Virginia Woolf and the Lust of Creation

A Psychoanalytic Exploration

By Shirley Panken

Subjects: Psychological Approaches To Literature
Paperback : 9780887062018, 336 pages, July 1987
Hardcover : 9780887062001, 336 pages, July 1987

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Table of contents


I. Introduction

II. "The broken chrysalis": need for maternal protection

III. "Passionate affection for my father alternating with passionate hatred"

IV. "Nessa has all that I should like to have"

V. "I want everything - love, children, adventure, intimacy, work"

VI. "Lying unprotected, she looked like a victim dropped from the claws of a bird of prey" - The Voyage Out

VII. "He seemed like one of those lost birds fascinated by the lighthouse and held to the glass by the splendor of the blaze" - Night and Day

VIII. Elegy to brother: "I think of death sometimes as the end of an excursion I went on when Thoby died" - Jacob's Room

IX. Sane and insane truth: "Human beings hunt in packs . .., desert the fallen" - Mrs. Dalloway

X. "It was a house full of unrelated passions" - To the Lighthouse

XI. "Now a thousand hints and mysteries became plain to her that were primarily hidden - the obscurity which divides the sexes" - Orlando: A Biography

XII. "I ride rough waters and shall sink with no one to save me - more cruel than the old torturers, you will let me fall" - The Waves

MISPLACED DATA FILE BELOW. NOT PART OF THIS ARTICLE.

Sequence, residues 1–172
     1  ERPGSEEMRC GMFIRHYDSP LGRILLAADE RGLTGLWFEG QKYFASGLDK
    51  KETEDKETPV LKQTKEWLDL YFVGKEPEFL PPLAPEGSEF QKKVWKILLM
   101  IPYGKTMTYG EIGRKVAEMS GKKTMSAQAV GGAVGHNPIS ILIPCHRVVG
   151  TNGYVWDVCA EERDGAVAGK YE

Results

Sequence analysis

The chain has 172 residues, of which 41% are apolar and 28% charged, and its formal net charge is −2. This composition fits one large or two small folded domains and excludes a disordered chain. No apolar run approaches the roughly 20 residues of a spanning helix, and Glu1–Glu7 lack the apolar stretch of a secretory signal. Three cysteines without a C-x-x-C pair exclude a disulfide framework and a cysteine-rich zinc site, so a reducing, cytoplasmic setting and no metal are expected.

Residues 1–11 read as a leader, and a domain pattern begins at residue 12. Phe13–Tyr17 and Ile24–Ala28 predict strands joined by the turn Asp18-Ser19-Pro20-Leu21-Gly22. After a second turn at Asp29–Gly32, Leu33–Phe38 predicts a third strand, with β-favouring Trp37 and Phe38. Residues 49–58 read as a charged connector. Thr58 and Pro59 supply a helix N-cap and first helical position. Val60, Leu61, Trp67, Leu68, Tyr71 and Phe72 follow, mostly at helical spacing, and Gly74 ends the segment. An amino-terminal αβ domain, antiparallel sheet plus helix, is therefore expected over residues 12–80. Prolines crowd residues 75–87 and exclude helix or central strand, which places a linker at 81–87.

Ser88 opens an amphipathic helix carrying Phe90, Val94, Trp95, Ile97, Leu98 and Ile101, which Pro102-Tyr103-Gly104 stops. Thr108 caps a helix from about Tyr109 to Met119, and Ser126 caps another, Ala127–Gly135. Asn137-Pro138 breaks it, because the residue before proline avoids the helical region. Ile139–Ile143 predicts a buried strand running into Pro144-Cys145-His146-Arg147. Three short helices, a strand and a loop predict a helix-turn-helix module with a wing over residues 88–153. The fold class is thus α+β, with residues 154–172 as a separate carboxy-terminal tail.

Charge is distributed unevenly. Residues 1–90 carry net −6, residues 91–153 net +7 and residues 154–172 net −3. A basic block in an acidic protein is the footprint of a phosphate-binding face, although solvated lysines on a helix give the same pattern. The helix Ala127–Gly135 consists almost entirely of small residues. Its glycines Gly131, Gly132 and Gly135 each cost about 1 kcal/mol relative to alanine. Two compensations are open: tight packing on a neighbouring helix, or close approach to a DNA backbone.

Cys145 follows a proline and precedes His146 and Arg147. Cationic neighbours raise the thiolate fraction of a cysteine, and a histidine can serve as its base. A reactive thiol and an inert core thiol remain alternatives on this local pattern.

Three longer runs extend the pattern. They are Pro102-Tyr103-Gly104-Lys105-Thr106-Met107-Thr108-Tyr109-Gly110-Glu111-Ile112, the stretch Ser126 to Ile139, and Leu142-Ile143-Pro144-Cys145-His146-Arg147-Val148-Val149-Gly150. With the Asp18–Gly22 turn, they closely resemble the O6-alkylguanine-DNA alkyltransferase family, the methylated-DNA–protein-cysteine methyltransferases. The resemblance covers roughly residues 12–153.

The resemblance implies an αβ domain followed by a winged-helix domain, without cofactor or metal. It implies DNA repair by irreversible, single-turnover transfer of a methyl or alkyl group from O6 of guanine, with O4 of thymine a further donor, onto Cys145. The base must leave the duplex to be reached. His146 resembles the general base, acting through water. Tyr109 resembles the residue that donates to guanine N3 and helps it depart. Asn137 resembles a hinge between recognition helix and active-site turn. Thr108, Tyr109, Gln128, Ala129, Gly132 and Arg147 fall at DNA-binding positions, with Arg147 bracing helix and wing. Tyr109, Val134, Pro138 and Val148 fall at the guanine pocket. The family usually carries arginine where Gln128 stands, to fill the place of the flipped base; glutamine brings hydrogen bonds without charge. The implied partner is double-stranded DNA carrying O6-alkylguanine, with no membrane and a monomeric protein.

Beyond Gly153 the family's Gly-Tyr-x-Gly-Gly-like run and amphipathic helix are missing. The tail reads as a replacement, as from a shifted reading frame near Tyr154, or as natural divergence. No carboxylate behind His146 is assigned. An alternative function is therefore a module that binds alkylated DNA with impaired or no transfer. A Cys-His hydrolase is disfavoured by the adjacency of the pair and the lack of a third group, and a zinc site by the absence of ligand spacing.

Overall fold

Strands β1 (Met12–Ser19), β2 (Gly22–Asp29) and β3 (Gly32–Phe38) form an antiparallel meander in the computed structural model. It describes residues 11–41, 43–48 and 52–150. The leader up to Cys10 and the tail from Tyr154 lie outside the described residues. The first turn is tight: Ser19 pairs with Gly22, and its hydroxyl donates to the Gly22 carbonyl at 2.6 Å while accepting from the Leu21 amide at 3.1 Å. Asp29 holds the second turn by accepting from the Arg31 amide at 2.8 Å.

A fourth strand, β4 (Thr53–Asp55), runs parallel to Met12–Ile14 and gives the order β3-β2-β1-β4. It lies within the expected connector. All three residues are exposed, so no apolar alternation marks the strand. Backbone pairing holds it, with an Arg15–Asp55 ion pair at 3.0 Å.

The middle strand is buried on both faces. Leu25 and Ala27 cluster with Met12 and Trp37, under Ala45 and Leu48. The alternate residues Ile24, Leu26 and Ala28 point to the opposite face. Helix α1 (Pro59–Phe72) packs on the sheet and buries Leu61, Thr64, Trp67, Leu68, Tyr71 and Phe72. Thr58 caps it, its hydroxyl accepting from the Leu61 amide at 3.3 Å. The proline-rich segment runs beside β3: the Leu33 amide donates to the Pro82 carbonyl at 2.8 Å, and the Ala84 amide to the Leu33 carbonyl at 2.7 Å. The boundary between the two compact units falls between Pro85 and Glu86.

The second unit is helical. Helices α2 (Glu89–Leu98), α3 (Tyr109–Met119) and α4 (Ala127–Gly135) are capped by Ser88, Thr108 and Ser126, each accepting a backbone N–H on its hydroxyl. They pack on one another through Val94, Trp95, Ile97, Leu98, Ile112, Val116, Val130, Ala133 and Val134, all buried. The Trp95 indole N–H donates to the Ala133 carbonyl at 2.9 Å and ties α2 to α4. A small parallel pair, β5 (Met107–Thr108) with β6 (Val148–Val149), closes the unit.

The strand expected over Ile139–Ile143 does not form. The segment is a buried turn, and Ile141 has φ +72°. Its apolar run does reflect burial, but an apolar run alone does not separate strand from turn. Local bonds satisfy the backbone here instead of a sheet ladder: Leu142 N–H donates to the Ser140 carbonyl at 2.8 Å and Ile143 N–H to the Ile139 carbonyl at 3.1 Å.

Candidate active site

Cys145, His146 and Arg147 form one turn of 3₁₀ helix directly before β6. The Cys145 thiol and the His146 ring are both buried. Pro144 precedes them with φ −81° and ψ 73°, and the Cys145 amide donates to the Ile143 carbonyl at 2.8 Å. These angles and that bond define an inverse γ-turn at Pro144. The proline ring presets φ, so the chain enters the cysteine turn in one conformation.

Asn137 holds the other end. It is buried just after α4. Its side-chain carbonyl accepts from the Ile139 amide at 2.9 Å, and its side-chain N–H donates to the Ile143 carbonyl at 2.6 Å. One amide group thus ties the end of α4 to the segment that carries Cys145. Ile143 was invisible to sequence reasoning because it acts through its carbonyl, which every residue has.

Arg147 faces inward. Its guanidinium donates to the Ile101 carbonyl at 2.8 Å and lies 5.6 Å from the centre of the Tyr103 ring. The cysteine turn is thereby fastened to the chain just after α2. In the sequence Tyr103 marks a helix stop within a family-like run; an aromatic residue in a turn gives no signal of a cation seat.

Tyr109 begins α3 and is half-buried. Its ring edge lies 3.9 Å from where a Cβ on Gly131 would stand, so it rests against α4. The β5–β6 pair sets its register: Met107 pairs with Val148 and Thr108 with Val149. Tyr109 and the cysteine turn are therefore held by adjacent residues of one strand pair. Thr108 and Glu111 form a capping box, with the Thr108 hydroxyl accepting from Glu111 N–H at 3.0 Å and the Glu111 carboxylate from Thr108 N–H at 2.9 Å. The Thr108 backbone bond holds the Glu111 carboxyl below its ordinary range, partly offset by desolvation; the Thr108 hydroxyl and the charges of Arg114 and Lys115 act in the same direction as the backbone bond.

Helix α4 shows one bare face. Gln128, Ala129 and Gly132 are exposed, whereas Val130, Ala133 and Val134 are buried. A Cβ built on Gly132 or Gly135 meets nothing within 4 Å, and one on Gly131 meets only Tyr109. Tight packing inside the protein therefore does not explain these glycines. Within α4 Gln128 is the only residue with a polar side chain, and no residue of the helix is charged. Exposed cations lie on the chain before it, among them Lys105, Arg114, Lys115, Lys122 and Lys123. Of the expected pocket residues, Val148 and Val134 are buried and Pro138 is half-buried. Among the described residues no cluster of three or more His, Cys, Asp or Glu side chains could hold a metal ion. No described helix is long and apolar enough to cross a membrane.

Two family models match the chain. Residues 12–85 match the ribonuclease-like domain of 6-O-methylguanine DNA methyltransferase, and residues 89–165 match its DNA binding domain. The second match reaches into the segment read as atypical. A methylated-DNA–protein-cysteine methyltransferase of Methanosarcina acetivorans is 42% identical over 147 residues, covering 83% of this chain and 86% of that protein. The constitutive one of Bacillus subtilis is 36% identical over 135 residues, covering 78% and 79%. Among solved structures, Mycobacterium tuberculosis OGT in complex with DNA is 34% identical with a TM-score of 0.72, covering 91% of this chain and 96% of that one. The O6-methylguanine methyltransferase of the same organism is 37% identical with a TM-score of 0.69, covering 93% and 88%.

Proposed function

XIII. "There must be another life . .., not in dreams but here and now . .. with living people" - The Years

XIV. "Oh that our human pain could here have ending" - Between the Acts

XV. Epilogue





"Every secret of a writer's soul, experience of his life, and quality of his mind is written large in his work. " -- Virginia Woolf

Panken enables us to read this secret language without doing violence to the artistic integrity of the writing.

Virginia Woolf's continuing need for maternal protection, her physical symptoms, depressive bent, anorexia, and suicidal leanings suggest her vulnerability, inner struggle, and masked rage. This book delves into the substrate of Virginia Woolf's emotional dilemmas as well as the subtexts of her novels and shows the confluence between her life and art. It brings new insights into Woolf's struggle to come to grips with her confused personal and sexual identity, into her artistic conscience, and into the conditions and motivations of her suicide.

Shirley Panken is a psychoanalyst and author of The Joy of Suffering: Psychoanalytic Theory and Therapy of Masochism.


"The author exhibits the steady development of Virginia Woolf's inner life in relation to her literary output -- the beautiful weaving of the outer life, the inner woman, and the literary work is truly outstanding. It is a work that stands head and shoulders above most psychoanalytic literary studies. It is never reductionistic to analytic principles nor is the analytic perspective used in a simplistic or obtrusive way. " -- Leila Lerner, Editor of The Psychoanalytic Review

"What I feel is particularly valuable about Dr. Panken's study of Virginia Woolf is her correction of the widely held view that Woolf's completion of her novels led to 'madness. ' What we come to understand from Dr. Panken's rich study is the prodigious literary and even political accomplishments of Woolf, and we understand the currents of her life which converged into the achievement of her 'suicide plan. '" -- Helen Hellman, National Psychological Association for Psychoanalysis